Welcome again everyone to today's Monday Marker.
I'm excited to welcome a guest blogger today.
Lisa Hetzel is a sought-after freelance writer who recently published her experience in a four-part series, A Journey Through Kidney Donation in The Rockdale Citizen. Definitely a must-read! Kidney Donation Story
Lisa is a single mom, a recently retired school teacher and director of our local writer's group, East Metro Atlanta Christian Writers.
Today Lisa shares her slightly humorous, yet seriously eye-opening used-car-buying experience with her teenage son.
It started with a Ford Ranger. I wasn’t even looking. However, my son and I had talked about splitting the cost for a late model, used vehicle. (For those of you who get confused like me, late model means old. That’s cool. At 55, I can now refer to myself as a late model.)
My friend’s grandson was thinking of selling his truck. I went to look at it, took photos, and showed it to my teenager.
First piece of advice, NEVER show your child something that you are thinking of buying without expecting their immediate desire to have it NOW.
Six years as a single mom has taught me that every penny counts. So, I sat my soon-to-be-out-the-house son down and proposed a plan.
Our budget would be $3000.00. The car had to meet all of my requirements: safety, low insurance rate, low mileage (under 100,000 miles), low miles per gallon, low ad valorem, an inspection by our mechanic, along with ANY additional criteria that I deemed necessary.
While he continued to look for his “dream car,” I started a search of my own on the internet. I found several checklists of things to consider when looking at a car, as well as, things to check when running a test drive.
If we went to a used car dealer, we could ask to see the vehicle health report. If it was a private seller, we could order a report (usually costs about $40.00).
Either seller should be able to produce the title. If the word “salvage” appeared in the title, walk away from the deal. Also, the name and address on the title should match the dealer.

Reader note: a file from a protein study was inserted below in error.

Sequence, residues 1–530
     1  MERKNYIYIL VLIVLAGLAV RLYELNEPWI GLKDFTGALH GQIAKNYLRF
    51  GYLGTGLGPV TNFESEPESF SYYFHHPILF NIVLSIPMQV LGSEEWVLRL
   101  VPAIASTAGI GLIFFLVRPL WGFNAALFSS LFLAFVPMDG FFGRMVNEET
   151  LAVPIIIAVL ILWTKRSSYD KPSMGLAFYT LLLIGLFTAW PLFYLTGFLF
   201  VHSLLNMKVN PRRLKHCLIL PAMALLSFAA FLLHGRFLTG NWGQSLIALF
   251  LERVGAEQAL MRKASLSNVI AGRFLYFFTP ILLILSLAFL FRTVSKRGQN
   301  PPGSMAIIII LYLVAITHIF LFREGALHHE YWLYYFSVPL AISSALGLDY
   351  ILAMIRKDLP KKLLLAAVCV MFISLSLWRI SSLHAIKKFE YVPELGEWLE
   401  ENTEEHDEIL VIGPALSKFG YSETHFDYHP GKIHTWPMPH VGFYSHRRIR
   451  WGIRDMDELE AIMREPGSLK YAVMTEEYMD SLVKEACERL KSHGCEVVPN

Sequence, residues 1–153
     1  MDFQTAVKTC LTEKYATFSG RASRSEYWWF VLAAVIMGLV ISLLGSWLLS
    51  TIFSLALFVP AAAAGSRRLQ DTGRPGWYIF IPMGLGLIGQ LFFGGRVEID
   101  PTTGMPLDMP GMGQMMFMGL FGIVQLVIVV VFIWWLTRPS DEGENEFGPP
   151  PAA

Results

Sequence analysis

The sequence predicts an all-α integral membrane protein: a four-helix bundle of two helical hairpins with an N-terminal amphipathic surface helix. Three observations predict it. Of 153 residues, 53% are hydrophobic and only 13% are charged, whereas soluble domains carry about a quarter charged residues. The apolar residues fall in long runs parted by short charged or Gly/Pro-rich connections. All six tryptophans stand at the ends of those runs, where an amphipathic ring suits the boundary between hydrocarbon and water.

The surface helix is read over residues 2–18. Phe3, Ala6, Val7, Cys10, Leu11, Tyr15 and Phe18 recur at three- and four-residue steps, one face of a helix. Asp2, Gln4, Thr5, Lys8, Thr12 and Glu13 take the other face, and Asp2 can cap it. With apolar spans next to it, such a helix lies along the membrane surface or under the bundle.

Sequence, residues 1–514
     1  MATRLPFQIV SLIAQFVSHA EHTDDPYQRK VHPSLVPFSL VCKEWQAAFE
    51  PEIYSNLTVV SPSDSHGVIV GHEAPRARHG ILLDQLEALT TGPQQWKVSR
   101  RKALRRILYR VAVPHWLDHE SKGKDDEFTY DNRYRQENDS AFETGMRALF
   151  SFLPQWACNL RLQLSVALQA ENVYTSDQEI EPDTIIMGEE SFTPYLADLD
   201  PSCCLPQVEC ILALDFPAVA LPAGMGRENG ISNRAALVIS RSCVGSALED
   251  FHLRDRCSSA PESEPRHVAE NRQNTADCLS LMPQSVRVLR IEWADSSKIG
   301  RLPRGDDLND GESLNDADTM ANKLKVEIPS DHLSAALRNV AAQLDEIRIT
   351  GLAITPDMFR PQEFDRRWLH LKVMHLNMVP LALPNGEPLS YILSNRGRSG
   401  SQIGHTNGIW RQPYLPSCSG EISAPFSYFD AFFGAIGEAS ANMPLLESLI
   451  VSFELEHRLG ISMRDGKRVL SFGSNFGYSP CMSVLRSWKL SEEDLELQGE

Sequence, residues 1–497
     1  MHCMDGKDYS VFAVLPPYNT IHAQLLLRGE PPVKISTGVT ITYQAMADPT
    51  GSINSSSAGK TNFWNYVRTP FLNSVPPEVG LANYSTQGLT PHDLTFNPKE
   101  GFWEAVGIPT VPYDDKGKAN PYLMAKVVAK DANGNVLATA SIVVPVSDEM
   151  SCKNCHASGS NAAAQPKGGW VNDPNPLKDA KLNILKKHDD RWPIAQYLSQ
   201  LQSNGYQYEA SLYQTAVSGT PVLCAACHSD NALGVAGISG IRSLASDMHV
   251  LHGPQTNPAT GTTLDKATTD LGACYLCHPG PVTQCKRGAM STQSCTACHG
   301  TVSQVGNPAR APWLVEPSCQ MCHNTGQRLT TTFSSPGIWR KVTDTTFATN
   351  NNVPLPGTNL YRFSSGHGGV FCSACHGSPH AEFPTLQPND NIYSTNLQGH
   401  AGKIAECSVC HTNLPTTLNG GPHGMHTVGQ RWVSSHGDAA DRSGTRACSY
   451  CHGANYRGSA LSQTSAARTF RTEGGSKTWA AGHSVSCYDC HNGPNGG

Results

When he found a car, I felt pretty confident we could look. The photos and information looked okay. The seller lived an hour away, so we took one of my son’s friends (who works in a garage) with us.
Little did I know that this was a teenager’s dream car. In spite of my attempt to become educated, I didn’t understand that there was no way I should help my son buy a 1999 Ford Mustang GT, with a V8 engine, custom wheels and some kind of fancy muffler that made the house rattle.
What did I know?
While my son drooled, I looked under the hood, at the tires, in the interior and in the trunk. I thought I was being pretty thorough. The name on the title matched the seller. Lots of work had been done.
However, the plates on the car were from New York. We live in Georgia, so there would be ad valorem taxes.
There were at least 3 large dings and scratches and it had been in a wreck. The passenger door had been hit, so it would have to be replaced.
In spite of the fact that the car was designed for STREET RACING, I was drooling, too. It was pretty.
Thank the good Lord that the seller wouldn’t accept a check. I told him that we were interested, but would have to check several items before buying:
- My auto insurance rate wouldn’t raise.
- Ad valorem would be less than $100.00
- The vehicle health report would be good.
- My advisors (big brother, neighbors, and local mechanic) would agree it was a good deal.
I felt that I had done a great job. However, my gut was telling me to be cautious.
It was Sunday, so weren’t able to find out about insurance or ad valorem until the next day. After church, I told my friends about our latest find. I don’t think that I’ve ever seen such rapid head shaking.
Immediately, they replied, “Walk away!”
Between that night and the next morning, I learned that the car would need a lot of work, use a lot of gas, and most importantly, be a huge temptation for speeding.
I hadn’t even started the health report yet.
Telling my son this wasn’t the car was hard. However, it was a good decision.
I’ve learned a lot since then, including consulting at least one of my advisors before showing my son a serious interest.
I’ve come across several reliable sources for anyone looking for a used vehicle. If you are ever in the market, here are some links for you to consider:
Popular Mechanics’ list when you look and test drive a used car Popular Mechanics,
Kelly Blue Book www.kbb.com. There are pages of checklists and things to help you make an informed decision,
CarFax, www.carfax.com (they provide low-cost vehicle health reports).
In the meanwhile, I’ll continue to help my son search for a car that meets both of our expectations.
So far our car-buying venture is successful because of my many advisers.
As Proverbs 15:22 states, Plans fail for lack of counsel, but with many advisers they succeed.
What car-buying lessons have you learned? Feel free to share in the comment area below.